Sunday, March 18, 2012

What We Want

I used to think that what we like and want is a deeply personal thing.  That it is something we think about and on which we make a conscious decision.  But after having lived in India for about 2 months, I'm realizing that is not at all the case.

When one arrives in India, it is immediately apparent that behavioral norms, customs, processes, priorities, and aspirations are very different than in the western hemisphere.  That's expected.  But what's interesting is that they like it that way.

For example, let's take a conversation I just had last night.  Where I come from, it is every kid's dream to move out on their own as soon as they become a young adult.  They want their own place and general independence.  In India, that would be viewed as disowning one's family and is thus a very negatively perceived practice.  But young people here want to stay with their families, oftentimes even after they are married.

So what's going on here?  How can one entire society want one thing and another want the opposite?  If what we want is indeed a personal choice, this is not what we would expect.  We would expect a random distribution within each society.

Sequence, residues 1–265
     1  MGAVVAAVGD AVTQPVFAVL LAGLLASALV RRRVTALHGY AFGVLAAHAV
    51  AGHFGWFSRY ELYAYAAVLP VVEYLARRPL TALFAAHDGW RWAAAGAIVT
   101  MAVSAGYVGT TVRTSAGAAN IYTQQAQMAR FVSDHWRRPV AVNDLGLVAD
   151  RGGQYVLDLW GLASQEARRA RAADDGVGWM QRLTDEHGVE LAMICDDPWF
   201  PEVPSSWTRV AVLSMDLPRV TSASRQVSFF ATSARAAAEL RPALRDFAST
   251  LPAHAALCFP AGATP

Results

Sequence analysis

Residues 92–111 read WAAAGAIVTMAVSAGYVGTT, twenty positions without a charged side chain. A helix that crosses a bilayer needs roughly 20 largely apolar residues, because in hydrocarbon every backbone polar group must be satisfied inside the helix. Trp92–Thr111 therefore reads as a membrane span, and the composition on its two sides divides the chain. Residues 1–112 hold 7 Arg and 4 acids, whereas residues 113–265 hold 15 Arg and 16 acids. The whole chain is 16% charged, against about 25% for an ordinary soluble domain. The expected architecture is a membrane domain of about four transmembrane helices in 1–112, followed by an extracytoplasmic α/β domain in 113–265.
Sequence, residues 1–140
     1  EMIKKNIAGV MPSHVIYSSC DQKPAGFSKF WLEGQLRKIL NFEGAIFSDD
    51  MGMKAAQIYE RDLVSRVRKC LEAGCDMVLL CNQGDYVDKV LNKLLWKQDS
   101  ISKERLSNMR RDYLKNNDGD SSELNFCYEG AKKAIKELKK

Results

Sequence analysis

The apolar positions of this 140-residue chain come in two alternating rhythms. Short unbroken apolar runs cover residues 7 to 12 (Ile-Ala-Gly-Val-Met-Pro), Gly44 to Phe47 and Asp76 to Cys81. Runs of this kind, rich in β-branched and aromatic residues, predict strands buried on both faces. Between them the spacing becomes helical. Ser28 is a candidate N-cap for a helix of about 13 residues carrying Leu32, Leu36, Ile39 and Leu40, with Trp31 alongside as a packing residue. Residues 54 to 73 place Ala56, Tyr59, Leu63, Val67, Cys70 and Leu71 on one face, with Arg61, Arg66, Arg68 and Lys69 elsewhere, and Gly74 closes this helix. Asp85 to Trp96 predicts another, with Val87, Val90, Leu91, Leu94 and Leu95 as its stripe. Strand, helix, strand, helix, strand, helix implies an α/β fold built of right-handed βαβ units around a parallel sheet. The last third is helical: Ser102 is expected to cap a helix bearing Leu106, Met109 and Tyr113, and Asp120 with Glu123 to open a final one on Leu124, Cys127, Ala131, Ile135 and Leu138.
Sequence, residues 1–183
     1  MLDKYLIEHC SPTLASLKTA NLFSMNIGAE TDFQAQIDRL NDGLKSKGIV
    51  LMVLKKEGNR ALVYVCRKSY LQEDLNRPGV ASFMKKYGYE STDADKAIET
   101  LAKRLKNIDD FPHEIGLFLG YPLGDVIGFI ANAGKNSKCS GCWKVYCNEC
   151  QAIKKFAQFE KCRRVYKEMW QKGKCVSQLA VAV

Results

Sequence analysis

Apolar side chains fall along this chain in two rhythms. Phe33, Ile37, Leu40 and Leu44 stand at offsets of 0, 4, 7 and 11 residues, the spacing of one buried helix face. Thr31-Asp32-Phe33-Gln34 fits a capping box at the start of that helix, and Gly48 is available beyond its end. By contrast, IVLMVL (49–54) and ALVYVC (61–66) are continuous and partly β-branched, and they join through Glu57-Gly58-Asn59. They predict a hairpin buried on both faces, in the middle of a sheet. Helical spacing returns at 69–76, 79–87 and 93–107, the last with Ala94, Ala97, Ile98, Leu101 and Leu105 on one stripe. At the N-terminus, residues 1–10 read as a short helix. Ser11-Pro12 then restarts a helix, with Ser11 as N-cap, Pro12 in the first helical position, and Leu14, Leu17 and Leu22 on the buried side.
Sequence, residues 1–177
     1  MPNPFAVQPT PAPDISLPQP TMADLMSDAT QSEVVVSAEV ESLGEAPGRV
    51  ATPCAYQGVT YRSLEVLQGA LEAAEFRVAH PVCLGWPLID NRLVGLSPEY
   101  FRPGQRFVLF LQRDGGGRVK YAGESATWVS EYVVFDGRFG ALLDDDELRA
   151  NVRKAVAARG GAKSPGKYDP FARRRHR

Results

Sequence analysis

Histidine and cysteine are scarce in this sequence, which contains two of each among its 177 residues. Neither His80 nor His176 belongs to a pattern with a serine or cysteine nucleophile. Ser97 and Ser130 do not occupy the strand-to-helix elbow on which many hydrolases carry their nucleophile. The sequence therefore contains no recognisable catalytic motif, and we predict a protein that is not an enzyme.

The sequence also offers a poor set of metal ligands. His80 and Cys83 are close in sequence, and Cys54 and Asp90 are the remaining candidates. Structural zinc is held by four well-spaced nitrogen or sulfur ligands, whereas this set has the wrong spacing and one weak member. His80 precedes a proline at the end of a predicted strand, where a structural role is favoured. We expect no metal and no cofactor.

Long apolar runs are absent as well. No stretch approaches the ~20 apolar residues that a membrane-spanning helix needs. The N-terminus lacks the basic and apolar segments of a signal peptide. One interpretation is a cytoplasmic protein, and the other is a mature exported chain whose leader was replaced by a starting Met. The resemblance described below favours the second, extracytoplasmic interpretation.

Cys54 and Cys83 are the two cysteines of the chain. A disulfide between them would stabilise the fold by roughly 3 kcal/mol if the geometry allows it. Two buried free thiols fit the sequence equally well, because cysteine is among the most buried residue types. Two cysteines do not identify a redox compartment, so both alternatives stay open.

The only reasonable explanation is that what we want is really not our own decision but is largely shaped by our environment.  Perhaps we do have some flexibility within that framework, but we like the framework as a whole because it is what we are used to.

Is this a good thing or a bad thing?  I'm going to go out on a limb and say it's a bad thing.  In fact, I'll generalize and say that anytime we choose something implicitly, without truly thinking about it, it's a bad thing.  And that is exactly what we are doing when we choose to like something simply because our environment tells us it's the norm.  

Let me be clear: I am not saying that one or the other view in my example above is good or bad.  I'm saying it's bad to choose one simply because our environment tells us to.

There are some people who buck the trend of choosing to like what their environment dictates.  These are generally viewed as pioneers, visionaries and revolutionaries.  Sometimes they are viewed as heretics and terrorists.  This viewpoint, too, is often determined by the environment.

After arriving here, I was forced to examine for myself why I like or want certain things.  What I found was that I, too, had implicitly chosen things based on what my society expected.  I also found that, even after realizing such, it is a very difficult thing to change what I like and want.  Perhaps I haven't yet encountered sufficient reason to do so.  Not sure.

So what is the point?  I'm afraid I don't really have one.  But I think it's important to realize the depth at which our society can shape us.  At least for me, it is deeper than I thought.